One of the most exciting innovations in healthcare is Stem Cell treatment. We’ve seen astonishing results using stem cells in treating Plantar Fasciitis. What they do essentially is regenerate tissue that has degenerated. These cells are the outside help the body needs to heal the damaged tissue. Not only is Stem Cell treatment safe and effective, it prevents the need for surgery. What’s more, a treatment of this kind doesn’t necessitate time missed from work. Finding innovative treatments that keep our patients doing everyday tasks remains a goal of ours.

    Besides Stem Cell treatment, the other non-invasive technology we’ve been using successfully for chronic heel pain is called Prolotheray. Prolotherapy helps regenerate a degenerated Plantar Fascia just like stem cells do, but in a different way. Prolotherapy jump starts the healing process by “tricking” the body that there is an acute injury in an area, signaling the healing process to begin again. And, just like stem cells it’s done right in our office without any down-time.

    Should a surgical approach be needed, minimally invasive plantar fascia release is and effective solution, which can also be performed in our office with minimal down time.

    We’d be happy to determine whether Stem Cell Treatment, Prolotherapy, surgery or another treatment is the best option for you. We’re here to serve you.

  • Even a small sore on a diabetic foot can be a problem

    Even a small sore on a diabetic foot can be a big problem.

    Diabetes can often lead to decreased blood flow to the feet. Without the right amount of blood, a sore may not heal as well.

    Diabetes also often leads to decreased feeling in the feet. A sore on the bottom of the foot can easily go unnoticed because of numbness.

    This is why people with diabetes should inspect the bottom of their feet every day.

    Diabetes also often causes the immune system to function less than optimally. This means the body isn’t as good at healing a sore or an infection. Not having a good enough immune system along with poor circulation and sensation means people with diabetes must think of every sore as a potentially serious problem.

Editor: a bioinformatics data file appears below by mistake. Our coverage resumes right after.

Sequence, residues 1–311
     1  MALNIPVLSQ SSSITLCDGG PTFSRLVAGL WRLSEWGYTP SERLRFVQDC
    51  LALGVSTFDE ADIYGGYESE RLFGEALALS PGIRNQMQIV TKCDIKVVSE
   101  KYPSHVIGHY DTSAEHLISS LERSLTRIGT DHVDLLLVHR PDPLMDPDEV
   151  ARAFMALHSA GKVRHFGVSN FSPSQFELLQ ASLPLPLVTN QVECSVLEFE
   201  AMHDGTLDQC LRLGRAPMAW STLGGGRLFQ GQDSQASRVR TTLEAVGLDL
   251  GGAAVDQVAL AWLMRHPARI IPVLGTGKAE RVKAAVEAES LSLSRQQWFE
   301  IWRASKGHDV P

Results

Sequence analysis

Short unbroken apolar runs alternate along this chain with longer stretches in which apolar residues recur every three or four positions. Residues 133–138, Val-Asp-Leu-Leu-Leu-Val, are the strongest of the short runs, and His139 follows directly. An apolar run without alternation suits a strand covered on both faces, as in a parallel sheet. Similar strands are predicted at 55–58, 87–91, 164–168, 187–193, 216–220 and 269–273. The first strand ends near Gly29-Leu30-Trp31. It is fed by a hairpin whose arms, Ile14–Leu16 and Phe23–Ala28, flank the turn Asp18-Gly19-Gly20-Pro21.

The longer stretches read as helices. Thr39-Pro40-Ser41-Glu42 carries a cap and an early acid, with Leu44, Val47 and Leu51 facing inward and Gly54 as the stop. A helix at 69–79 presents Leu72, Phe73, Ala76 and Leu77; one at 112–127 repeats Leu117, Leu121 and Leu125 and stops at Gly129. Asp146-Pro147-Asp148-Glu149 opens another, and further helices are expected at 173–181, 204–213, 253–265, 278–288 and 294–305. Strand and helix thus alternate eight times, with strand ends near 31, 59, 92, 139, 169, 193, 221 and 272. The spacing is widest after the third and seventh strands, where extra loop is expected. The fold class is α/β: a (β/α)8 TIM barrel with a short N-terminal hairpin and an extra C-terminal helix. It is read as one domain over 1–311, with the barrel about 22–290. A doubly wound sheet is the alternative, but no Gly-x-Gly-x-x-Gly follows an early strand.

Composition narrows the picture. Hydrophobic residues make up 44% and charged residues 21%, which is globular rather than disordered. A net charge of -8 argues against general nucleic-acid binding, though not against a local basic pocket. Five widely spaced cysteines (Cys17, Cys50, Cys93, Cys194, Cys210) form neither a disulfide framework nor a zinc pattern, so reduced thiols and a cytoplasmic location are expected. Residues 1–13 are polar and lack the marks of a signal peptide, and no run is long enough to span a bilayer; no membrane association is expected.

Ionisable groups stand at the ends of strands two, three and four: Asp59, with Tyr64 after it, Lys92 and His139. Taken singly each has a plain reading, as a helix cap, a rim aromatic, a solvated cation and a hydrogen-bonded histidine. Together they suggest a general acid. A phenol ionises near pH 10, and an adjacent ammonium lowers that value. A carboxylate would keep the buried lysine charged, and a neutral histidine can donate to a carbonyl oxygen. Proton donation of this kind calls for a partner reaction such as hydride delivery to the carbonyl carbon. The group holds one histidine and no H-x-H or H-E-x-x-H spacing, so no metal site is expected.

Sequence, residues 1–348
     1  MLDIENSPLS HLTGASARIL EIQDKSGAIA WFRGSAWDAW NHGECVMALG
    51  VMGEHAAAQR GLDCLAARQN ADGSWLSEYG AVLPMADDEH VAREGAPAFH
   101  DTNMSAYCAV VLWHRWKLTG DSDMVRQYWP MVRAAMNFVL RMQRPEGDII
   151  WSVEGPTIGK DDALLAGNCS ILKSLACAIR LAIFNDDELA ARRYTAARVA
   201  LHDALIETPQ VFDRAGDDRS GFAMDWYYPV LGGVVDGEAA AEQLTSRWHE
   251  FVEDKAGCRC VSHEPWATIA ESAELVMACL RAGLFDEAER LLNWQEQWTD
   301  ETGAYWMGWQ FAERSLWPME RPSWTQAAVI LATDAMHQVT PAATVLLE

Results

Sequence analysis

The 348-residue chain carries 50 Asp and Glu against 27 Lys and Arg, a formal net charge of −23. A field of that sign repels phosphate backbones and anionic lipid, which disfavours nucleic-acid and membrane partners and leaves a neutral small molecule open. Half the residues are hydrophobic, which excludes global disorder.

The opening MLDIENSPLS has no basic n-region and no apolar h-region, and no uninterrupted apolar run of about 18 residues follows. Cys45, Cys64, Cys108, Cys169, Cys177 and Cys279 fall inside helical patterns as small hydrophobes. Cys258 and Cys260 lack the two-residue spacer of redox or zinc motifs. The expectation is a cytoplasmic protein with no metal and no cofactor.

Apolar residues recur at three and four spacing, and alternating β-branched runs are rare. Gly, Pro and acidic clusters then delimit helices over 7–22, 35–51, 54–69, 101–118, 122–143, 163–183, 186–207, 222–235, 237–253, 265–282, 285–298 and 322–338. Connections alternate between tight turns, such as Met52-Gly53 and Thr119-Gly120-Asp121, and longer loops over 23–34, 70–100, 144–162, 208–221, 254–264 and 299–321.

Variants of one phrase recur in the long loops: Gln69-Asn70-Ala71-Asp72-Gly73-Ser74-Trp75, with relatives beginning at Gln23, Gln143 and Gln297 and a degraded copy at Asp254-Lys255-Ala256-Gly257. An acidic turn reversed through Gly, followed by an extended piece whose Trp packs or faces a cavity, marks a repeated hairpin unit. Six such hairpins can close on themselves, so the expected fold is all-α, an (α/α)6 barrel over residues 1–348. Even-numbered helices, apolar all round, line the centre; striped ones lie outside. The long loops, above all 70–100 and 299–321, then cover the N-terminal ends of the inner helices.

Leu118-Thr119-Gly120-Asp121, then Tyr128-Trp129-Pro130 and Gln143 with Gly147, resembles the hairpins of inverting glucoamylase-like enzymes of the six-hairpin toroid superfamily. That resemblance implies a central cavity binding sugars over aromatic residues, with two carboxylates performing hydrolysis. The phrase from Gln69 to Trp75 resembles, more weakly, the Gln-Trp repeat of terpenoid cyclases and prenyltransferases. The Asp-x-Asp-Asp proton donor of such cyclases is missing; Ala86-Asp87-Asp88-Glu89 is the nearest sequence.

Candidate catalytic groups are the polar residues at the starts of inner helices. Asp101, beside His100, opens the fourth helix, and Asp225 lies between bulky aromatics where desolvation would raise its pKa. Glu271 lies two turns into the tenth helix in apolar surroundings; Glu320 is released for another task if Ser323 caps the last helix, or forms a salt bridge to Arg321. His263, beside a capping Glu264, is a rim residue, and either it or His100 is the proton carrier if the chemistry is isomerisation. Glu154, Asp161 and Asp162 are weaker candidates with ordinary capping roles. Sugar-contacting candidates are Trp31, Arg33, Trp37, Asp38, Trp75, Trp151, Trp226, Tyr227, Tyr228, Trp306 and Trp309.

The steps to take with a sore are keeping it clean, using an antibiotic cream, applying gauze to protect it from rubbing, and immediately scheduling an appointment.

    Of course, figuring out the cause of the sore–such as the possibility of shoes not fitting properly–is extremely important.

    Preventing an infection is first priority. If you or a loved one has diabetes, simply being aware of how risky it is to have something as simple as a small sore is the first step to avoiding a major complication.

    We specialize in keeping the feet of our patients with diabetes as healthy as possible. Preventing amputations starts with early intervention of any skin or nail concern in a person with diabetes.

    We are here to serve you.

    To Healthy Feet,

    Dr. Betschart
    203-791-0466

  • Dropped something on your foot?

    It could be worse than you think…

    Dropping something on your foot can lead to long-term pain. We’ve seen it happen many times. A broken bone can be the least of the concerns.

    Injury to a nerve can be the most significant problem. We never dismiss an injury to the top of the foot when an x-ray is negative (no broken bone).

    We’ve seen many patients who have suffered for months because of an injury to a nerve. If you drop something on the top of your foot either at home or work, simply being aware of what can occur will help to keep you out of danger.

    In addition to rest, ice and elevation, keeping pressure off the top of the foot is important. Wearing looser fitting shoes or sandals, if the weather allows, will help to avoid further irritation to the nerves.

    Avoid wrapping your foot in an ace bandage. You want as little pressure on the top of the foot as possible.

    Because more can go wrong than just a broken bone, we recommend seeing us as opposed to an urgent care clinic for injuries to the feet.

    If you have had months of pain after dropping something on your foot, we’d be happy to evaluate it. We enjoy serving you!

    And Happy New Year,

    Dr. Betschart
    203-791-0466
    http://www.danburypodiatrist.com/

  • Healthy Feet, Healthier Life

    Healthy Feet, Healthier Life

    Many people have intentions of getting healthier

    in the new year but foot pain slows them down.

    Do you know someone like this?

    A healthier life starts with healthy feet. If you

    hear of someone talking about a

    foot problem slowing them down,

    let them know about us.

    We welcome the opportunity to help

    a friend, coworker or loved one get fast

    relief from foot pain.

    We are never too busy for your referral!

    Happy New Year!

    Dr. Betschart and staff